* A farewell to the deities dating back to heaven with songs consisting of folk poems assembled and not created for this purpose.

The texts of hymns, orally transmitted by heredity, contain many onomatopoeic to obscure and no prayer, praise ...
The Mikagura consists of two types of songs. The hymns, the choir is accompanied kagurabue, Hichiriki, wagon, and shaku, danced and played songs by the following instruments: Ryūteki or komabue, Hichiriki, wagon, shaku, and a choir. (see below for instruments)
Among the twenty musicians, five ondo (three instrumentalists and two choir), directed by nincho (officiating), give the intonations times alternately by the choir divided into two, along with all, and mark the pace through shaku. Between each game, the ninchô explains the purpose of worship and dance.

The kange is an instrumental music for all classified into two categories according to its origin:

* UHO: born in Korea and Manchuria where the dominant colors of the costumes are green and yellow
* Saho: from China and South Asia with the dominant red color in the costumes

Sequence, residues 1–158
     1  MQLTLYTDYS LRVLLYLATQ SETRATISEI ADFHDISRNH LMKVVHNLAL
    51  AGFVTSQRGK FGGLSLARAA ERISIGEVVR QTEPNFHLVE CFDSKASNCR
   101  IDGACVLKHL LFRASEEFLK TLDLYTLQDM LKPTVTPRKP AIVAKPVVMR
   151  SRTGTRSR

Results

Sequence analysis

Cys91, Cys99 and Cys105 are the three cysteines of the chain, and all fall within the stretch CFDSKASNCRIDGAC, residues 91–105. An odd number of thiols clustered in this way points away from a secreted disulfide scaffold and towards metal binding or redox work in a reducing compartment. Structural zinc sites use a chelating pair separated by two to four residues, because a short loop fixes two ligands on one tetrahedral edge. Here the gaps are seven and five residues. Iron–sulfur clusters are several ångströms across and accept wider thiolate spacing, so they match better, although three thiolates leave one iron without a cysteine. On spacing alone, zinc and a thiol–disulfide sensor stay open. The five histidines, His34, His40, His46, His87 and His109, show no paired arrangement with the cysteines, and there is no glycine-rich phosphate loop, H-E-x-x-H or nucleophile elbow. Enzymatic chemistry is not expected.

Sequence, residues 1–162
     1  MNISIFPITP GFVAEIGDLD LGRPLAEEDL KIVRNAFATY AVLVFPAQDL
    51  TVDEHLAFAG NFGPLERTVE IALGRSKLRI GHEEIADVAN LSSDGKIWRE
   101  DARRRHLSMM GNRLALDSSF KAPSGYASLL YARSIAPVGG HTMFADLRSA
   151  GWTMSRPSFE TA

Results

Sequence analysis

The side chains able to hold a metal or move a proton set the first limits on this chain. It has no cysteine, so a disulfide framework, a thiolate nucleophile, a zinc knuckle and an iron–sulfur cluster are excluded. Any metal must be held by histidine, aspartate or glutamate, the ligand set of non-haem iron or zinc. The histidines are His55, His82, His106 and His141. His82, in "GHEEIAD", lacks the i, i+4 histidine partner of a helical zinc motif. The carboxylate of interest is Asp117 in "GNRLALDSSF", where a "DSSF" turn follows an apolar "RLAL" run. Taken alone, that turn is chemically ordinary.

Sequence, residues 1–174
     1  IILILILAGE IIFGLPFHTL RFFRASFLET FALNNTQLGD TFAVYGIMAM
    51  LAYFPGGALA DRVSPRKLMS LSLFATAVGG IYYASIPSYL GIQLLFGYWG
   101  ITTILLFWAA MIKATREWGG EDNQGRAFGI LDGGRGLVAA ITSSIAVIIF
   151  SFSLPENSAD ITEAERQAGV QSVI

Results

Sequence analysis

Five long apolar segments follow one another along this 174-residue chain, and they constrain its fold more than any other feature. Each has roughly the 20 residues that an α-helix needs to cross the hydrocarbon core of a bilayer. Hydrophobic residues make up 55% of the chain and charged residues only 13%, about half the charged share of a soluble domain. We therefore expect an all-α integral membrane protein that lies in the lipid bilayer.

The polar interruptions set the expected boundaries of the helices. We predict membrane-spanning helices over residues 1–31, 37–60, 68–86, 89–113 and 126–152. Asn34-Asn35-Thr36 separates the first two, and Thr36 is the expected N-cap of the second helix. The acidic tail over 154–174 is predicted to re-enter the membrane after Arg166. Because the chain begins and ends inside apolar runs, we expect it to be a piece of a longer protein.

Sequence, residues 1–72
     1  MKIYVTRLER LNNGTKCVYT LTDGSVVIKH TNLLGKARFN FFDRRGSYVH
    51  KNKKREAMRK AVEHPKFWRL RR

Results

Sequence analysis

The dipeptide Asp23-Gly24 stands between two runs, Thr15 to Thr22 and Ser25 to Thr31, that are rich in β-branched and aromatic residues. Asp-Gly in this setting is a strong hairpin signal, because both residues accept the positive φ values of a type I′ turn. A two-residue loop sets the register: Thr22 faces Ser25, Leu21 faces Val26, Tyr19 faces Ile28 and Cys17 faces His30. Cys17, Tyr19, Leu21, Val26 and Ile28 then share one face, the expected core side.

Although these two categories have a similar musical structure (heterophony) as in the Bugaku, they differ depending on the use of sho.
In UHO no gaku, the sho do not play the melody, resulting in a contrast between the melody and rhythm dynamics.
On the other hand, the Saho no gaku, holding high notes gives the impression of stasis.

The Bugaku is a music accompanying dances classified into two categories depending on its origin:

* Samai from China, danced on the Saho
* Umai: originally from Korea, danced on the UHO

These categories are associated in pairs. Unlike the past, one piece, cut through instrumental or vocal, is danced by sight.

The dancers' costumes are very colorful. They also wear a headdress, a weapon (sword, spear or shield) and may even avert a grotesque mask varies depending on the subject.

A number of Bugaku is divided into three parts according to the principle of Japanese aesthetics time, the jo-ha-kyu (introduction, development - literally "fragmentation" -; rapid final). This principle is also found in the Noh.

Upon introduction, the woodwinds play a canon in unison (oibuki) accompanied by a percussive rhythm free, allowing them to adjust the length of this part a function of time as the dancers begin to reach the scene from the home.
Then comes the dancing part properly speaking is that the central part (tokyoku). The tempo is still slow but steady (nobe byoshi-, four-two).